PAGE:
Proprietary Data Insights
Financial Pros Top Oil & Gas Exploration Stock Searches Last Month
Buy Devon’s Pullback
Here’s a head-scratcher…
Natural gas, which last winter was so scarce Europe expected factories to shut down, is now trading at multiyear lows.
Crude oil, on the other hand, is still holding well above pre-pandemic levels.
It all comes down to basic economics – supply and demand.
The following graphic from the U.S. Energy Information Administration (EIA) shows oil prices with implied stock builds and draws.
The same agency said it expects 2023 oil demand to be 100.1 million barrels per day with supply sitting at 101.1 million per day.
That’s driving the forecasted slight inventory builds on the graph.
Oil and gas exploration companies like Devon Energy (DVN) have benefited from high crude prices, with DVN stock climbing to levels it hasn’t been at since 2014.
Energy as a whole outperformed the general market last year and will likely do so again this year.
Though DVN was financial pros’ top oil and gas exploration stock search in February, according to our proprietary Trackstar data, search volume for the stock and the industry is down overall. And DVN shares are down almost 30% from their 2022 highs.
As you’ll see, this pullback could be a fantastic buying opportunity.
Devon Energy’s Business
Devon Energy drills oil and gas to send to refiners. That’s why around 70% of its revenues are tied to oil prices.
In 2019, it sold off most of its Canadian operations. A year later, it sold all its Barnett Shale (northern Texas) assets.
The company’s main footprint is in the Delaware Basin, Eagle Ford, Anadarko Basin, Williston Basin, and Powder River Basin. These spots run north from Texas to the top of the U.S.
Source: Devon Energy Q4 presentation
Source: Stock Analysis
Oil prices plummeted in 2016 as shale production took off in the U.S.
Until the pandemic ended, the world was awash in oil.
But lockdowns led to a huge inventory and supply shortage, sending oil prices higher than they’d been in nearly a decade.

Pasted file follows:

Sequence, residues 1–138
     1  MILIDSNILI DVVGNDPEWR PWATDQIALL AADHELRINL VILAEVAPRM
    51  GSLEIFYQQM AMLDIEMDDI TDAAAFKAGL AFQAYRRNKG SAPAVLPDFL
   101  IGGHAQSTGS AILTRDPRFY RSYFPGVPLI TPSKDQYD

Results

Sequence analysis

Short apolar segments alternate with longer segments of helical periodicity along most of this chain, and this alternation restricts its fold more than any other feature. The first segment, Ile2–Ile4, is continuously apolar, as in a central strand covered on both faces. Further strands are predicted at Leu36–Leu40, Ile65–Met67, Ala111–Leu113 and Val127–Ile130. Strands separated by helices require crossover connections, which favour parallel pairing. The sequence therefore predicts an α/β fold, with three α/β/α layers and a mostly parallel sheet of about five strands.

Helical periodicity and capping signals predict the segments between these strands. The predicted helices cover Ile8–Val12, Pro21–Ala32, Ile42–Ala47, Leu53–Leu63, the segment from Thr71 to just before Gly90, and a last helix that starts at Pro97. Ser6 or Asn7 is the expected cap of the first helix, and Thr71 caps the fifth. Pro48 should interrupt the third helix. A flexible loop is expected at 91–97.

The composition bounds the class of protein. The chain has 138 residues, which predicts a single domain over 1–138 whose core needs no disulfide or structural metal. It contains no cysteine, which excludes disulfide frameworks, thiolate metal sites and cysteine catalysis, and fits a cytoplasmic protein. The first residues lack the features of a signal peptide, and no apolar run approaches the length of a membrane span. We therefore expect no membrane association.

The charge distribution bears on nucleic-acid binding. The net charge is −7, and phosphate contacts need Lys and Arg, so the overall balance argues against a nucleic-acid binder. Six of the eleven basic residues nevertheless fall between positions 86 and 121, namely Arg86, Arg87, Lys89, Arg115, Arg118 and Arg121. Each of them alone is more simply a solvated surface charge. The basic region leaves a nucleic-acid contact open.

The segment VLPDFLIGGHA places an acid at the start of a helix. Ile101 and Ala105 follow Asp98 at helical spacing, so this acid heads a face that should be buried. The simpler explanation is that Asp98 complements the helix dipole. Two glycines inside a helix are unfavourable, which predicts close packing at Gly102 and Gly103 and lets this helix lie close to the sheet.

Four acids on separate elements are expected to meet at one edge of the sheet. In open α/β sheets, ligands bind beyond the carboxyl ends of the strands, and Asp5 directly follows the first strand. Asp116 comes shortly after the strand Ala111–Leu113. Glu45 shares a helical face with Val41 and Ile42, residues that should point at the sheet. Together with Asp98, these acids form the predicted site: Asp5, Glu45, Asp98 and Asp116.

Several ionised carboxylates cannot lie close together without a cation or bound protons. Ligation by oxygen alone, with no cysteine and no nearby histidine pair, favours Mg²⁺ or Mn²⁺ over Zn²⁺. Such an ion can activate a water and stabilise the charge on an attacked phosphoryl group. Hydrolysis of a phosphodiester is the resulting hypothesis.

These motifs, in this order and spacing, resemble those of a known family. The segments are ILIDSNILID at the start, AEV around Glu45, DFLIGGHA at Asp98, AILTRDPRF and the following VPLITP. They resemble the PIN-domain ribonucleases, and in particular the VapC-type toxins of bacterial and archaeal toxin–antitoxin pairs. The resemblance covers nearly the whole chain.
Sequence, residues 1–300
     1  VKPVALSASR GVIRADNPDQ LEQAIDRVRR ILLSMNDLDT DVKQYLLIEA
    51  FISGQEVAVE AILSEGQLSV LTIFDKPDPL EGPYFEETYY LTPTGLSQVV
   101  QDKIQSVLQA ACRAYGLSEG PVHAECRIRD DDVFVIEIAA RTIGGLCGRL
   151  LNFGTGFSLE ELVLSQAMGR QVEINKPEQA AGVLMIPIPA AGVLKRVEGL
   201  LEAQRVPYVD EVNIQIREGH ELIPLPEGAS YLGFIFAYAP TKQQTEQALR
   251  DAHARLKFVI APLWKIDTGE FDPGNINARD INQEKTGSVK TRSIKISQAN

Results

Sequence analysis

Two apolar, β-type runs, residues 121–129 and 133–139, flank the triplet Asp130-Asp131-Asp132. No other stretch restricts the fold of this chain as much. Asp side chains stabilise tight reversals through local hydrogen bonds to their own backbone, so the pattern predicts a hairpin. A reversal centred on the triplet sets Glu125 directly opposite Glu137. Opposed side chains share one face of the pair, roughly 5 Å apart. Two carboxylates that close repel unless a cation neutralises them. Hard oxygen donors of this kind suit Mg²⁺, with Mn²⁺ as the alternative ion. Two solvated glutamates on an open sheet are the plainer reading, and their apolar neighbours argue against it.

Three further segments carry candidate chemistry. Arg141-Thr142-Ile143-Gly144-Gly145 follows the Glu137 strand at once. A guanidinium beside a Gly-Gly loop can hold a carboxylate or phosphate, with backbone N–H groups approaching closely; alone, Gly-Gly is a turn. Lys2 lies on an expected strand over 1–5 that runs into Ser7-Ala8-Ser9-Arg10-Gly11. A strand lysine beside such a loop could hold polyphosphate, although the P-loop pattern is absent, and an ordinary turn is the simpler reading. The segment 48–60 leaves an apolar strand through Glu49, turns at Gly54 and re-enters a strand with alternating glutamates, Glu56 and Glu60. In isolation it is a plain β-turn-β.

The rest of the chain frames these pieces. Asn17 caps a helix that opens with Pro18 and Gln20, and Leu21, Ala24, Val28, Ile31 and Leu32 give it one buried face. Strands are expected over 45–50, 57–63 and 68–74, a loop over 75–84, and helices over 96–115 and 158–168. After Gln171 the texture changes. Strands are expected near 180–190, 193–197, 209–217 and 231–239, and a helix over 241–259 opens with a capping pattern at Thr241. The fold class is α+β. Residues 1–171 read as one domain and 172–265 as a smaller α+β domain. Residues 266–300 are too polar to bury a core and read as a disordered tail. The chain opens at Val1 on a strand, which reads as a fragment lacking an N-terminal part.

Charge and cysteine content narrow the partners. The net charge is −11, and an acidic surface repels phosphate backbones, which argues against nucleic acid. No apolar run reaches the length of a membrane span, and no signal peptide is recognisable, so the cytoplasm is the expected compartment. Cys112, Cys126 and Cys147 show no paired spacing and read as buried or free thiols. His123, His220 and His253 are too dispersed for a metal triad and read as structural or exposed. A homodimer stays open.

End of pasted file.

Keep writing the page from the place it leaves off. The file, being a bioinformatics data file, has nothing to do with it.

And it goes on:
Since then, prices have stabilized, though production isn’t back at its former levels.
Higher costs of investments, uncertainty around the Chinese economy, and geopolitical tensions have changed the landscape.
But Devon Energy did a remarkable job of delivering profits to its shareholders.
Current long-term debt sits at $6.2 billion, a modest increase from $4.3 billion in 2019.
It repurchased $804 million in shares last year and $634 million in 2021. Plus, the company paid $5.17 per share in dividends last year, equivalent to a nearly 10% yield.
Source: Seeking Alpha
With its recent pullback, Devon Energy became even more of a value.
Its forward P/E ratio of 7.27x beats all its peers, with Pioneer Natural Resources (PXD) second at 8.2x, EQT (EQT) at 8.9x, and Occidental Petroleum (OXY) at 9.3x.
DVN falls a bit short in price-to-sales ratio at 1.9x. This is higher than PXD and Tellurian (TELL), which are both at 2.0x. But OXY is cheaper at 1.5x, and EQT trades at a paltry 1.0x.
Interestingly, DVN trades at 4.2x cash, higher than PXD and EQT. TELL had no cash flow last year, and PXD trades at 4.3x cash.
Source: Seeking Alpha
DVN does well in profitability with a gross margin of 60.0%. But this can change dramatically based on oil prices and contracts.
Nonetheless, DVN’s in the middle of the pack compared to its peers.
We like its healthy EBIT margin of 42.5%, beating all its peers, including PXD’s respectable 40.9%.
DVN also boasts the highest return on equity at 58.3%, return on assets at 29.2%, and return on total capital at 29.3%.
Source: Seeking Alpha
DVN’s growth outlook should slow substantially in 2023.
It’s expected to increase revenues only 8.5%, the second-worst to OXY at 3.2%. Its other peers are forecast to do much better, with PXD at 14.7%, TELL at 76.4%, and EQT at 46.7%.
But EBIT three-year average growth for DVN is at 256.5%. None of the others come close, even with OXY, PXD, and EQT hitting an impressive 70.7%, 75.2%, and 60.7%, respectively.
Our Opinion 10/10
DVN trades at 4.5x forward operating cash flow, and we can’t overlook how cheap it is when you consider its tangible dividend payments, fantastic return on investments, and overall performance.
True, oil prices might come down from current levels. But they could just as easily rise.
There’s too much uncertainty to say where 2023 will land.
But with oil demand rising every year and investments in supply restricted, we like Devon Energy for the long haul.
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